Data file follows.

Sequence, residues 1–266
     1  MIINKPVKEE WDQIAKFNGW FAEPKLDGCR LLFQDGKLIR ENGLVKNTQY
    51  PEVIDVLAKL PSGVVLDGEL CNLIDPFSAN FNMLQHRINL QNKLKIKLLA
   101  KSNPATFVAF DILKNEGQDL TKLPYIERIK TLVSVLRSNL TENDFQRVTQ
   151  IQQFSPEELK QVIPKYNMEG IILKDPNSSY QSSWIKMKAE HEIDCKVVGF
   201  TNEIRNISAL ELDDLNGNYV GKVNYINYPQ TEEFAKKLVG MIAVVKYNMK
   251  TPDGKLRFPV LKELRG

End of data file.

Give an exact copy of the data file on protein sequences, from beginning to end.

Sequence, residues 1–266
     1  MIINKPVKEE WDQIAKFNGW FAEPKLDGCR LLFQDGKLIR ENGLVKNTQY
    51  PEVIDVLAKL PSGVVLDGEL CNLIDPFSAN FNMLQHRINL QNKLKIKLLA
   101  KSNPATFVAF DILKNEGQDL TKLPYIERIK TLVSVLRSNL TENDFQRVTQ
   151  IQQFSPEELK QVIPKYNMEG IILKDPNSSY QSSWIKMKAE HEIDCKVVGF
   201  TNEIRNISAL ELDDLNGNYV GKVNYINYPQ TEEFAKKLVG MIAVVKYNMK
   251  TPDGKLRFPV LKELRG